Households have been getting smaller, and smaller houses have less space to store food, and increasingly treat supermarkets as walk-in fridges, allowing them to put their space at home to better use. Due to Covid restrictions on eating out, and increased eating at home in the UK the average spend per supermarket trip rose by 16% in the week ending 17 March 2020, mainly from people just adding a few more items to their basket.

Kantar reported that the peak week was the week ending March 21 when supermarket sales rose 43 per cent compared to a comparable previous period, with particularly high sales of alcohol, reflecting the closure of hospitality.

During a crisis, households will keep larger buffer stocks, “just in case”. But households that suddenly increase their stocks may not be as savvy as supermarkets and manufacturers at managing waste. Soon after the onset of “panic buying” by households, anecdotal reports started emerging of loaves of unused bread being placed in household waste bins.

What are the lessons for the food supply chain?

To ensure reliable access to safe food for all people, food system organizations need to strengthen their operations to safeguard against a growing variety of potential threats. Rick Tellez, the co-founder of supply chain logistics platform KlearNow, said shoppers have learned lessons from panic buying over lockdown and that most wanted to do the “right thing” by maintaining normal shopping behaviour. Good communication from the food and retail sector is important.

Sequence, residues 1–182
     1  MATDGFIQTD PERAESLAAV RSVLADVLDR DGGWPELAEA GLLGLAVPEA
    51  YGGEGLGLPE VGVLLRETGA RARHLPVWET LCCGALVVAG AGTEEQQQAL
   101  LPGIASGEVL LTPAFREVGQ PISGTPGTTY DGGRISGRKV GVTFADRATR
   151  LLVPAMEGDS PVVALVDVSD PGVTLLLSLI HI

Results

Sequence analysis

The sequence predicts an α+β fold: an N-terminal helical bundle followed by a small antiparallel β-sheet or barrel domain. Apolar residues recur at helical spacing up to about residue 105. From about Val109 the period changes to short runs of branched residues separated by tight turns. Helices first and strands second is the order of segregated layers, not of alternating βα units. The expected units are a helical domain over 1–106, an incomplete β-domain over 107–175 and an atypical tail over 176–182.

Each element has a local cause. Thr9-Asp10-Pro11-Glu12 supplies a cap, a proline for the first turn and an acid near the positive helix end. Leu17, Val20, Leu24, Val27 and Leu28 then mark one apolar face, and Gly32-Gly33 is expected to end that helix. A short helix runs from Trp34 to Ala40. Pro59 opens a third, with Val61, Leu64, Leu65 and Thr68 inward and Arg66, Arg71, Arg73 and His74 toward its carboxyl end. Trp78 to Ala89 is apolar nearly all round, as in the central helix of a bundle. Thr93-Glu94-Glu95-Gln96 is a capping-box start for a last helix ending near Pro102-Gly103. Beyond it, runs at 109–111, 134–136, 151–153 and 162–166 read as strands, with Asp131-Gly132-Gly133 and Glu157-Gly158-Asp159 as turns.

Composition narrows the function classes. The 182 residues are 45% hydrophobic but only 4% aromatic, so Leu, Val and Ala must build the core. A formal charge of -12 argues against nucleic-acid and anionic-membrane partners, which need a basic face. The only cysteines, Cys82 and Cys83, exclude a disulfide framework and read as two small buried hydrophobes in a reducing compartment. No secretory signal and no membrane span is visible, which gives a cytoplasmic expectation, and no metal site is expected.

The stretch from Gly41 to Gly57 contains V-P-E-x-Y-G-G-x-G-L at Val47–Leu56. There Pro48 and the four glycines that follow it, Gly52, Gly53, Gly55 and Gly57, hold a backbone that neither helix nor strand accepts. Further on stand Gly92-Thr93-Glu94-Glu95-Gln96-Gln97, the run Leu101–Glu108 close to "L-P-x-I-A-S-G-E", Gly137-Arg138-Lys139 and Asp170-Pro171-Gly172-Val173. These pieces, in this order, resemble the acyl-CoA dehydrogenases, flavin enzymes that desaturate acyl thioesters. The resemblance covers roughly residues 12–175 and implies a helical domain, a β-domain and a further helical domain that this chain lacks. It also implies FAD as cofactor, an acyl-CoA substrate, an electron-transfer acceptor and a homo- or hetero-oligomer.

Mr Tellez called on the logistics sector and the Government to do more to educate consumers about their part in the global supply chain. Surveys have indicated that 57% of people who stockpiled during lockdown later said they regretted it and would not do it in the future.

New technology could help to reduce the incidence of panic buying in the future. Automated stock control and ordering, would help households and businesses to become more efficient at handling just-in-time orders, and help to reduce food waste.

The impact of COVID-19 on the global food supply has shown that more robust food systems are needed. At the start of the pandemic, grocery store shelves were empty, but many farmers had to throw away unsold food.  Better communication, increased use of technology by food companies and households alongside more diverse supply chains are needed to prevent panic buying in the future.

Panic buying food – What are the lessons?

10 November 2021

What has happened?